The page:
To gain insight into antigen specificity of cellular immune responses, we used the MHC-I minimal epitope of CT26 gp70 (AH1) (H-2Ld–restricted SPSYVYHQF) as the surrogate marker of tumor-specific antigen and quantitated the frequency of AH1-specific CD8α+ T cells among PBMCs. Whereas CT26 tumor–bearing mice that received free DOX treatment had the basal frequency of AH1-specific CD8α+ T cells among PBMCs, sHDL-DOX treatment induced 3.9-fold and 3.1-fold higher AH1-specific CD8α+ T cell responses, relative to the free DOX and no-treatment groups, respectively (P < 0.001 and P < 0.01, respectively; Fig. 3, L and M). Notably, compared with mice treated with free DOX, sHDL-DOX–treated animals had a higher frequency of CD11c+CD11b+Ly6c+ DCs within the tumor-draining lymph nodes (TDLNs) (P < 0.05; fig. S8A). These CD11c+CD11b+Ly6c+ DCs, which are a subset of antigen-presenting cells (APCs) that play crucial roles in the presentation of tumor antigens (48), also exhibited increased expression of a co-stimulatory marker CD86 within TDLNs (fig. S8B).

Potent antitumor efficacy of sHDL-DOX + αPD-1

Having confirmed immune responses triggered by sHDL-DOX monotherapy, we asked whether we could further amplify antitumor immunity and improve the therapeutic efficacy of sHDL-DOX therapy by combining this treatment with immune checkpoint blockade. Specifically, we chose to inhibit the immunosuppressive PD-1/PD-L1 pathway (5, 49) with αPD-1 immunoglobulin G (IgG) therapy to reflect ongoing combination immunotherapy clinical trials. BALB/c mice were inoculated subcutaneously with 2 × 105 CT26 tumor cells, and when the tumor size reached ~80 mm3 on day 8, the animals were treated intravenously on days 8, 11, and 14 with DOX (4 mg/kg) in either soluble or sHDL formulation, each supplemented with intraperitoneal administrations of αPD-1 (100 μg per dose) (Fig. 4A). Compared with the αPD-1 monotherapy, the combination of free DOX and αPD-1 therapy did not lead to significant expansion of AH1-specific CD8α+ T cells (Fig. 4, B and C). In stark contrast, the combination therapy of sHDL-DOX + αPD-1 led to remarkable expansion of AH1-specific CD8α+ T cells, reaching the peak frequency of 5 to 18% AH1-specific CD8α+ T cells among PBMCs on day 20 (eightfold greater than the αPD-1 monotherapy on average, P < 0.01, and fourfold greater than the dual free DOX + αPD-1 therapy, P < 0.05; Fig. 4, B and C).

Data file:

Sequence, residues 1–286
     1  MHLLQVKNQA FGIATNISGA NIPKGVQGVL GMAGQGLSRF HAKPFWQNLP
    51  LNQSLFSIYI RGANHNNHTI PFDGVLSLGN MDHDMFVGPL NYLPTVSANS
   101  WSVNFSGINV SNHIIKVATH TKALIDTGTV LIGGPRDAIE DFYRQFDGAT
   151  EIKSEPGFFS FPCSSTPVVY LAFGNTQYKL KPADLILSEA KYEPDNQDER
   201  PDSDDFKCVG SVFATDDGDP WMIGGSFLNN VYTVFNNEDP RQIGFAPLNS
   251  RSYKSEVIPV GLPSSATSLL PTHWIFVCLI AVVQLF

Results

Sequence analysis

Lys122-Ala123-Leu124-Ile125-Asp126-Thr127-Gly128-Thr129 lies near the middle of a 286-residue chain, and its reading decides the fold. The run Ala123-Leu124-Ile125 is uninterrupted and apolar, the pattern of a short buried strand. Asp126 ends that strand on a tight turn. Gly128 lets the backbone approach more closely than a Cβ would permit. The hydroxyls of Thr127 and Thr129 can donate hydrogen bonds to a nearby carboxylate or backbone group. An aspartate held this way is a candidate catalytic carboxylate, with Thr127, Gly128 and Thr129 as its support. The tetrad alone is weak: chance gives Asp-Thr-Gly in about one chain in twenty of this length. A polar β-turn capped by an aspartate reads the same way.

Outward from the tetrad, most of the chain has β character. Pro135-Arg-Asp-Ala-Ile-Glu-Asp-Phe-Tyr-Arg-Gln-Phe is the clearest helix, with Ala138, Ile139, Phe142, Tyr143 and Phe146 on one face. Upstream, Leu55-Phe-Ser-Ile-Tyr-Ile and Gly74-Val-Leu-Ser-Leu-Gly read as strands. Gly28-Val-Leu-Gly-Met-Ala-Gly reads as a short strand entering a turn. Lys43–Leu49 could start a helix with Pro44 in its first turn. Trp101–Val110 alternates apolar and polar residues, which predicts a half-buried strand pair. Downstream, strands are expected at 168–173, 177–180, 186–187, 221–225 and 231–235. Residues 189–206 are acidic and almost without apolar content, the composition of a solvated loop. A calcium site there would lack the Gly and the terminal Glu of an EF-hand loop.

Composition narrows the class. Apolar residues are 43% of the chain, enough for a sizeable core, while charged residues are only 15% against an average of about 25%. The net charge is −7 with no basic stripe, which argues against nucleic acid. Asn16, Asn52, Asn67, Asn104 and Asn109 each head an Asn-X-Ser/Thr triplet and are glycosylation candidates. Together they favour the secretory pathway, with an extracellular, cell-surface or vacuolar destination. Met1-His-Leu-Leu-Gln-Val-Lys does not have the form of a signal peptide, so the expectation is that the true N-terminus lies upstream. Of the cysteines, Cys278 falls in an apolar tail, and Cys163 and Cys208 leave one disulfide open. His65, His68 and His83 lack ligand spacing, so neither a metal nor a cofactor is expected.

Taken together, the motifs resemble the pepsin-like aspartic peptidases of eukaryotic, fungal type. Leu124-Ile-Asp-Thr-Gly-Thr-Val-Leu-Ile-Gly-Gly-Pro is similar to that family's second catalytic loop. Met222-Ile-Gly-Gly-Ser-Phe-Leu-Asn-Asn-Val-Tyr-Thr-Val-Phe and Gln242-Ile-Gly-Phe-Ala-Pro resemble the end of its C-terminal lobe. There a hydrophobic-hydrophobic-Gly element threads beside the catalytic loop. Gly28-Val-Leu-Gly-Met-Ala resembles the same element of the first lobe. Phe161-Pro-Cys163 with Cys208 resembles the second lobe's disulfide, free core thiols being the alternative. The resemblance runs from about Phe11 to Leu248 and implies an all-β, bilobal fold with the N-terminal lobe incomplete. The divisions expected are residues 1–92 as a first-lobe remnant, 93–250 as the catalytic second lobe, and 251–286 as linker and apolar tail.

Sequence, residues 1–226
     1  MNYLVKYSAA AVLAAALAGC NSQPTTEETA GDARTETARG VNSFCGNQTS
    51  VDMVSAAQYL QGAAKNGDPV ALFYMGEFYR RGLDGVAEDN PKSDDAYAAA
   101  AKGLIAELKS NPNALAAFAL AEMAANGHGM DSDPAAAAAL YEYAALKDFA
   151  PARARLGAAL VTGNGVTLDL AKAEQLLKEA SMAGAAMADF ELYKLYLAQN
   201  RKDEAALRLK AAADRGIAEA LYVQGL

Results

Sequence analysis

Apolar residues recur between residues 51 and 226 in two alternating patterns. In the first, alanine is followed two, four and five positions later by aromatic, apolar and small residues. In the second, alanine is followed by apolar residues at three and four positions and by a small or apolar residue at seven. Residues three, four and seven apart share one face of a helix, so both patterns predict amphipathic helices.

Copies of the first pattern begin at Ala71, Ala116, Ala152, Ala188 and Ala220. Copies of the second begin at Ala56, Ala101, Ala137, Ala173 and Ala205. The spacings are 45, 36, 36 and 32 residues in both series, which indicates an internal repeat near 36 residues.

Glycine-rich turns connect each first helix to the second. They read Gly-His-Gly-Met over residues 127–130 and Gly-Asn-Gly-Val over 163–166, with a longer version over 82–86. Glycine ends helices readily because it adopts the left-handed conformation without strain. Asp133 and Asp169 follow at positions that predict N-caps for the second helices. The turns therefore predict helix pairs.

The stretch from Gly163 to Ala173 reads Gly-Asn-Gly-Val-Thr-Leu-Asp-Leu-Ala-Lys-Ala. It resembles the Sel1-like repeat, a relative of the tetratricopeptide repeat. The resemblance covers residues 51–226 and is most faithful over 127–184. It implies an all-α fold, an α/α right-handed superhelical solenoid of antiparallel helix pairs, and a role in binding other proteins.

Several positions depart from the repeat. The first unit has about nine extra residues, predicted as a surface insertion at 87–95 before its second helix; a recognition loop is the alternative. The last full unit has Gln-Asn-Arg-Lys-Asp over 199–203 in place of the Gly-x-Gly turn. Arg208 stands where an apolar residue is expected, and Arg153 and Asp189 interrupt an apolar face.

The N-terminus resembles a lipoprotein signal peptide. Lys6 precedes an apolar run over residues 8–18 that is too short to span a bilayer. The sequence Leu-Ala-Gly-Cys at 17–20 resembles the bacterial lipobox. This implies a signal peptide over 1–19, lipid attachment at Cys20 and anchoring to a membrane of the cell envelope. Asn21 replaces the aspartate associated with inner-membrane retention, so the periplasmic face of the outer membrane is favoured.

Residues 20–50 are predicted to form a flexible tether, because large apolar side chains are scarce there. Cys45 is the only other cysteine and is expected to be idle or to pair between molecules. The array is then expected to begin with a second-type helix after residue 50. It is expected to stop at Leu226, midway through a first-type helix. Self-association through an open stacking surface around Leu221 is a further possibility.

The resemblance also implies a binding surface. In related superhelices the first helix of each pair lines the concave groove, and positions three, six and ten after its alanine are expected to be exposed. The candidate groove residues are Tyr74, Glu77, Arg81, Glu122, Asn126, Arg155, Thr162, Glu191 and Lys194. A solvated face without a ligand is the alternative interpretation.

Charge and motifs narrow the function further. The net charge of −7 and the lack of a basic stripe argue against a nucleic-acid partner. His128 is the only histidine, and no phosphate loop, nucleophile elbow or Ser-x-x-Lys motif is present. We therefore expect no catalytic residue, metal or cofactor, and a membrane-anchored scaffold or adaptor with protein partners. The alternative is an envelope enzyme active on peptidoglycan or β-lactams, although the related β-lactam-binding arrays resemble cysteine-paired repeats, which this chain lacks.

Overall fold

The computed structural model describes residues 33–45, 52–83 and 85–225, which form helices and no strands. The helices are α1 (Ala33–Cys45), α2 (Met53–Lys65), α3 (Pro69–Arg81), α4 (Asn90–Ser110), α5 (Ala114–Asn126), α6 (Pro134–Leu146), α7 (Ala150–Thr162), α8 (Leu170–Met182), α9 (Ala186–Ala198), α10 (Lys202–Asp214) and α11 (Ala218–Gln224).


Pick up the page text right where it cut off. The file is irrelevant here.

Fig. 4 Potentiation of αPD-1 immunotherapy with sHDL-DOX for treatment of CT26 tumors.

(A) BALB/c mice were subcutaneously (sc) inoculated with 2 × 105 CT26 cells on day 0. On days 8, 11, and 14, tumor-bearing mice were treated with indicated formulations at DOX (4 mg/kg). αPD-1 was injected intraperitoneally (ip) at 100 μg per dose on days 9, 12, and 15. (B) The percentage of CT26 tumor antigen AH1-specific CD8+ T cells among PBMCs on day 20, and (C) the representative scatterplots. Data are represented as box plots (whiskers, 5th to 95th percentile). n = 5 from a representative experiment from two independent experiments. (D) Individual growth curves for mice treated with indicated formulations. (E) The average tumor growth curves for mice treated with indicated formulations. Data represent mean ± SD (n = 8) from a representative experiment from two independent experiments. (F and G) On day 60, sHDL-DOX + αPD-1–treated animals in (E) were re-challenged by subcutaneous or intravenous injection of 2 × 105 CT26 cells. For the control groups, naïve BALB/c mice were re-challenged with the same number of CT26 cells. Shown are the animal survival (F) and lung metastasis (G) of CT26 cells on day 22 after re-challenge. Naïve mice were used as control and inoculated with the same number of tumor cells. *P < 0.05, **P < 0.01, and ****P < 0.0001 analyzed by one-way ANOVA (B) or two-way ANOVA (E) with Tukey’s multiple comparisons post test or log rank (Mantel-Cox) test (F).